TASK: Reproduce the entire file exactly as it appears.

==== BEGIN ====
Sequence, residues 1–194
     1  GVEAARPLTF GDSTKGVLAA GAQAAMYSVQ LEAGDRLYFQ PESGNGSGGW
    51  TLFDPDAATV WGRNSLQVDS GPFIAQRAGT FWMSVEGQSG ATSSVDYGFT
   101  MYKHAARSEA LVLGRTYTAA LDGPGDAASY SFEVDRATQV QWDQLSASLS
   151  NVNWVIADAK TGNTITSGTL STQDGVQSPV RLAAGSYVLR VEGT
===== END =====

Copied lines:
Sequence, residues 1–194
     1  GVEAARPLTF GDSTKGVLAA GAQAAMYSVQ LEAGDRLYFQ PESGNGSGGW
    51  TLFDPDAATV WGRNSLQVDS GPFIAQRAGT FWMSVEGQSG ATSSVDYGFT
   101  MYKHAARSEA LVLGRTYTAA LDGPGDAASY SFEVDRATQV QWDQLSASLS
   151  NVNWVIADAK TGNTITSGTL STQDGVQSPV RLAAGSYVLR VEGT